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- "Treatment of P. aeruginosa infections is still a challenge due to its biochemical attributes (Rello and Diaz, 2003), including poor outer membrane permeability and increased membrane efflux pumps. Furthermore, P. aeruginosa harbors an intrinsic resistance to almost every class of antimicrobial agents (El Solh and Alhajhusain, 2009). "
ABSTRACT: Blocking PcrV, an essential component of the Type III secretion system (TTSS), has demonstrated efficacy against Pseudomonas aeruginosa infections. However, most of the results came from laboratory strains. Whether it is applicable to clinically isolated multi-drug resistant (MDR) strains is unknown. In this study we investigated the expression level of TTSS in clinically isolated MDR P. aeruginosa strains and the effects of anti-PcrV antibody on MDR isolate induced acute lung injury (ALI). The expression level of TTSS was quantified in 53 isolates including 25 MDR strains and 28 susceptible strains. We investigated the effect of anti-PcrV antibody through a murine model induced by instillation of a MDR strain into the left lung through trachea. Our results showed that the expression level of TTSS in MDR strains is comparable to susceptible strains. Anti-PcrV ensured the survival of challenged mice, reduced the bacteria numbers and attenuated lung inflammation and injury. This study proved that anti-PcrV may be a potentially effective strategy against MDR P. aeruginosa induced ALI.Respiratory Physiology & Neurobiology 01/2014; DOI:10.1016/j.resp.2014.01.001 · 1.97 Impact Factor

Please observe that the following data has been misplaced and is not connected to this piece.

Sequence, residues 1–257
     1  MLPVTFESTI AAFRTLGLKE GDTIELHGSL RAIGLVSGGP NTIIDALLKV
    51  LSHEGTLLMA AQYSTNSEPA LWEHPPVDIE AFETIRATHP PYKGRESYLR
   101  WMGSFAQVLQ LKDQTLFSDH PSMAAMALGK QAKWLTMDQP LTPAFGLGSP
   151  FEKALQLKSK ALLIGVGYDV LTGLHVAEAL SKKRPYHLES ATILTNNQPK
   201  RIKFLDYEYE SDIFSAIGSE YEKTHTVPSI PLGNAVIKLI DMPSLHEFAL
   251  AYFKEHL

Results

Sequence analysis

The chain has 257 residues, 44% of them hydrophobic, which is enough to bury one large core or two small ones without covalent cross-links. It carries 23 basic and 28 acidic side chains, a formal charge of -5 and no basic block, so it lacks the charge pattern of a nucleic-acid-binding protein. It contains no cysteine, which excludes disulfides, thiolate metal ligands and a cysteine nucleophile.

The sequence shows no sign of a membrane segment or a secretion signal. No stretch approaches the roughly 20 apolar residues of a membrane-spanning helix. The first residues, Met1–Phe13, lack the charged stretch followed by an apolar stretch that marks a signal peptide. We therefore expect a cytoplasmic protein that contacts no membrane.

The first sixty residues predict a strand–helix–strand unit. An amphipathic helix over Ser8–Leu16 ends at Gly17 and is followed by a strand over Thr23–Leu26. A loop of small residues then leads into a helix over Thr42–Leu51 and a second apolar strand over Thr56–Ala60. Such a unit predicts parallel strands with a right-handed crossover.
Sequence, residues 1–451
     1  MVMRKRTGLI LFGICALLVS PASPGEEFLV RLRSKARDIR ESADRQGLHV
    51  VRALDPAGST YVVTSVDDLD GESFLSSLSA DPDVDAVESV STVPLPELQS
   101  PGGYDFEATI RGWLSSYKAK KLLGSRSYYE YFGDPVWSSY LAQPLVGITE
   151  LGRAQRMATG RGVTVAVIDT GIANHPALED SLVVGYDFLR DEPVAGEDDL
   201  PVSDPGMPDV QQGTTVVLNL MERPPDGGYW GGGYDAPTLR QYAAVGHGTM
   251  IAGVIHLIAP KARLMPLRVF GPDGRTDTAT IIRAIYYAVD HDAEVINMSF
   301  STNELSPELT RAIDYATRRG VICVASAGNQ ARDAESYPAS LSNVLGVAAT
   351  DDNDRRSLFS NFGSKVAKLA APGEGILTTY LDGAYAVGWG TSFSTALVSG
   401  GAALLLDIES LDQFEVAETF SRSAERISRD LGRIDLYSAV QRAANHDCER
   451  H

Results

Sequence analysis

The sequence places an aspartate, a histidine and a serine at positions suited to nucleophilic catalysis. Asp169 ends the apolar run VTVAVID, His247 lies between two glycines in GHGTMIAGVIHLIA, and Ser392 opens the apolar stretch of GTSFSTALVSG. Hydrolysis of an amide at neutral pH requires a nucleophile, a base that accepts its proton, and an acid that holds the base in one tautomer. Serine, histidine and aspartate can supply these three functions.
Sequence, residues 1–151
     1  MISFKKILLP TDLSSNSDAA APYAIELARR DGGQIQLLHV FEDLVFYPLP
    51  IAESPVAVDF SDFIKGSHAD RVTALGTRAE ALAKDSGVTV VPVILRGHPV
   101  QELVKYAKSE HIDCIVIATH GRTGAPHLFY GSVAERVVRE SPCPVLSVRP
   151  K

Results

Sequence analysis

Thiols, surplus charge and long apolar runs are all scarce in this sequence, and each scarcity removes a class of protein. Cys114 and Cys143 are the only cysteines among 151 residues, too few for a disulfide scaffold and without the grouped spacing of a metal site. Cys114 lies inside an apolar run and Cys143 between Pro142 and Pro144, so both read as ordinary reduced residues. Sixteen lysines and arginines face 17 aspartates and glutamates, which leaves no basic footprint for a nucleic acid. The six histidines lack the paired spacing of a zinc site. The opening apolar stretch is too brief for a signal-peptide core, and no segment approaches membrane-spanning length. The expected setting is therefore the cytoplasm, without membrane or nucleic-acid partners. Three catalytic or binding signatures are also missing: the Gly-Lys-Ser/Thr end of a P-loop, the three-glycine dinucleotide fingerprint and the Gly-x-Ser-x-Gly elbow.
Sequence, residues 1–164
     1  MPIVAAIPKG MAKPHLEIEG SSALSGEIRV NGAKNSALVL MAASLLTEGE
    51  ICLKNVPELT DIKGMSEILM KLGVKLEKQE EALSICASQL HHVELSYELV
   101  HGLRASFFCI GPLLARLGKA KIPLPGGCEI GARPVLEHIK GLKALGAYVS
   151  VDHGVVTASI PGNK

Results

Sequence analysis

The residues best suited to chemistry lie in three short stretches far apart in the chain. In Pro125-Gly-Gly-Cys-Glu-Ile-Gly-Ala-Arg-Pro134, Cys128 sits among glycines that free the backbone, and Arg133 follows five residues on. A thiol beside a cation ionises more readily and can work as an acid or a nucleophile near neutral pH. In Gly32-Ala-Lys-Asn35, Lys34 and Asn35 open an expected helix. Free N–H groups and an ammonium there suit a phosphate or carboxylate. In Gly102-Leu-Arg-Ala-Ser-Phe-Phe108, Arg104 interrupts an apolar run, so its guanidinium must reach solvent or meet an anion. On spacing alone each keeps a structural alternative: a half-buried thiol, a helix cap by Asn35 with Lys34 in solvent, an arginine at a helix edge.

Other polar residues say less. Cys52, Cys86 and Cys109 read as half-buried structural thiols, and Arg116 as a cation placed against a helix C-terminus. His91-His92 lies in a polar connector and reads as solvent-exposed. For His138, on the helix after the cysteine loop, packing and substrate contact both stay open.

Article: Nosocomial pneumonia.[Show abstract] [Hide abstract]
ABSTRACT: Nosocomial pneumonia (NP) is defined as pneumonia that develops within 48 hours or more of hospital admission and which was not developing at the time of admission. Nosocomial pneumonia, also known as hospital-acquired pneumonia (HAP), is the second most common hospital infection, while ventilator-associated pneumonia represents the most common intensive care unit (ICU) infection. Nosocomial pneumonia significantly contributes to morbidity, mortality, and escalating healthcare costs because of increases in antibiotic prescription and administration, length of ICU stay, and length of hospital stay. Aspiration and colonization of the upper respiratory tract seem to be the major pathogenetic mechanisms for the development of NP, either in intubated or spontaneously breathing patients. The microbiology of NP depends on the timing of onset. In early-onset NP, the responsible pathogens are generally endogenous community-acquired pathogens. In late-onset NP, the responsible microbes include potentially multi-drug-resistant nosocomial organisms residing in oropharyngeal or gastric contents. Important risk factors for development of NP include coma, intubation, prolonged mechanical ventilation, repeated intubations, supine positioning, and long-term antibiotic use. The most significant preventive measures include routine hand washing and avoidance of (1) the supine position, (2) inappropriate antibiotics, and (3) overuse of H2-antagonists for stress ulcer prophylaxis. Accurate diagnosis of NP is difficult and controversial, warranting consideration for the application of invasive quantitative culture techniques over tracheal aspirates. Empiric antibiotic treatment should be prompt, starting on clinical suspicion, and based on local ICU pathogen epidemiology and antibiotic resistance patterns and on a deescalating antibiotic strategy. Innovative antibiotic strategies, such as antibiotic rotation, to help prevent the emergence of multi-drug-resistant pathogens and improve survival should be considered.Critical care nursing quarterly 01/2004; 27(3):241-57. DOI:10.1097/00002727-200407000-00005